▶ Shares in Aramco, which posted $68bn profit for first nine months of 2019, could be traded as early as next month


Saudi Ara­bia’s Cap­i­tal Mar­ket Author­ity ap­proved Saudi Aramco’s ap­pli­ca­tion for an ini­tial pub­lic of­fer­ing on the king­dom’s stock ex­change as the com­pany said it recorded a $68 bil­lion profit for the first nine months of the year.

The com­pany’s prospec­tus will be pub­lished be­fore the start of the sub­scrip­tion pe­riod, the CMA said on its web­site yes­ter­day. The prospec­tus for the IPO will be re­leased by Aramco on Satur­day, the com­pany’s chief ex­ec­u­tive Amin Nasser said in Dhahran yes­ter­day.

The price at which all sub­scribers in the of­fer­ing will pur­chase shares will be de­ter­mined at the end of the book-build­ing pe­riod, said Yasir Al Ru­mayyan, Aramco chair­man and gov­er­nor of the king­dom’s Pub­lic In­vest­ment Fund.

Once the book build­ing and share al­lo­ca­tion take place over the com­ing weeks, the com­pany’s shares could start trad­ing in the first half of De­cem­ber, although no date was spec­i­fied. The of­fer­ing will be re­stricted to in­sti­tu­tional in­vestors and in­di­vid­ual sub­scribers in­clud­ing Saudis and any non-Saudi res­i­dent of the king­dom or GCC cit­i­zens.

The de­ci­sion by the CMA comes three years af­ter Crown Prince Mo­hammed bin Sal­man an­nounced the in­ten­tion to list as much as 5 per cent of the com­pany with the goal of reap­ing $100 bil­lion from the of­fer­ing, as the king­dom looks to di­ver­sify its econ­omy away from hy­dro­car­bons.

“To­day marks a sig­nif­i­cant mile­stone in the his­tory of the com­pany and im­por­tant progress to­wards de­liv­er­ing Saudi Vi­sion 2030, the king­dom’s blue­print for sus­tained eco­nomic di­ver­si­fi­ca­tion and growth,” Mr Al Ru­mayyan said.

“The com­pany’s strat­egy is un­der­pinned by long-term, exclusive ac­cess to the king­dom’s unique hy­dro­car­bon re­sources, which it man­ages in or­der to op­ti­mise pro­duc­tion and max­imise long-term value.”

Aramco, the most prof­itable com­mer­cial com­pany in the world, out­shin­ing the likes of Ap­ple, Google and Ama­zon, re­ported a net profit of $46.9bn in the first half of 2019. In April, Aramco is­sued a de­but $10bn bond, which was hugely over­sub­scribed.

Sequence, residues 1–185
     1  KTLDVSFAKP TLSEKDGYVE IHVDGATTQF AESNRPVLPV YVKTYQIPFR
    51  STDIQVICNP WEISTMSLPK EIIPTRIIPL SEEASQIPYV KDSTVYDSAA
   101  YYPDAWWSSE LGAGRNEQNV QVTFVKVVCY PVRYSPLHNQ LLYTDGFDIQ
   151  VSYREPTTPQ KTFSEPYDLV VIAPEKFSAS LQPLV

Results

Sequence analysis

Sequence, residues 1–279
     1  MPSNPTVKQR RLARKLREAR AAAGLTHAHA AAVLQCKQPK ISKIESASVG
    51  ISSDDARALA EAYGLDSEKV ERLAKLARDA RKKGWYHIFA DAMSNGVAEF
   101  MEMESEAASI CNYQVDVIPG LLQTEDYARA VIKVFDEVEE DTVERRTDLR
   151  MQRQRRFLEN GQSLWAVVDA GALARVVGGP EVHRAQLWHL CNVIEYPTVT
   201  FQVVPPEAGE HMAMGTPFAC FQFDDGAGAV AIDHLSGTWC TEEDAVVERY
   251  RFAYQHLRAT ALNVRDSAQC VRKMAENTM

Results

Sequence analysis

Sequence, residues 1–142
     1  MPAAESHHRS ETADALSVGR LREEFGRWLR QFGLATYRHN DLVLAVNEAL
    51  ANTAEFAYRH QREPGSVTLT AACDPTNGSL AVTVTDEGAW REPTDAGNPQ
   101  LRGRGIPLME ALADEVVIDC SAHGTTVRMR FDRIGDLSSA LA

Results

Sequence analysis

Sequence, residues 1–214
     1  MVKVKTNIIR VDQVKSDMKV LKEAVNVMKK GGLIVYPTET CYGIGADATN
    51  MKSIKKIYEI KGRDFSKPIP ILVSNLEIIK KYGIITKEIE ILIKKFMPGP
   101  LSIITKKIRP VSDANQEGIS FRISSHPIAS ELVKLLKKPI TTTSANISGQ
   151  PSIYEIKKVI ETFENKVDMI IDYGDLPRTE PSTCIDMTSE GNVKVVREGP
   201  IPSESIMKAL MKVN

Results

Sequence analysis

Fil­ings for the bond prospec­tus re­vealed the sheer size of the com­pany, with a profit of $111.1bn in 2018 on rev­enue of $355.9bn. Aramco plans to pay a div­i­dend on $13.4bn for the quar­ter end­ing Septem­ber 30 and will de­clare an in­terim div­i­dend of a max­i­mum $9.5bn pend­ing board ap­proval, the com­pany said.

The en­ergy be­he­moth is the world’s largest in­te­grated oil and gas com­pany, pro­duc­ing one in ev­ery eight bar­rels of crude oil glob­ally. In 2018, the com­pany pro­duced 13.6 mil­lion bar­rels per day of oil equiv­a­lent, in­clud­ing 10.3 mil­lion bpd of crude oil.

The funds from the list­ing are ex­pected to help Riyadh spend on Vi­sion 2030 re­al­i­sa­tion projects such as the $500bn fu­tur­is­tic eco­nomic free zone Neom and the Red Sea Pro­ject, a mega-tourism at­trac­tion, as the king­dom opens up its tourism and en­ter­tain­ment sec­tor.

“Our mis­sion is to pro­vide our share­hold­ers with longterm value cre­ation through crude oil price cy­cles by main­tain­ing our pre-em­i­nence in oil and gas pro­duc­tion, cap­tur­ing ad­di­tional value across the hy­dro­car­bon value chain and prof­itably grow­ing our port­fo­lio,” said Aramco chief ex­ec­u­tive Amin Nasser.

Aramco is re­duc­ing the roy­alty on crude oil and con­den­sate pro­duc­tion to 15 per cent from 20 per cent on Brent prices up to $70 per bar­rel. It in­creased the mar­ginal roy­alty rate to 45 per cent from 40 per cent on Brent prices above $70 per bar­rel up to $100 per bar­rel. It also in­creased the mar­ginal roy­alty rate to 80 per cent from 50 per cent on Brent prices above $100 per bar­rel.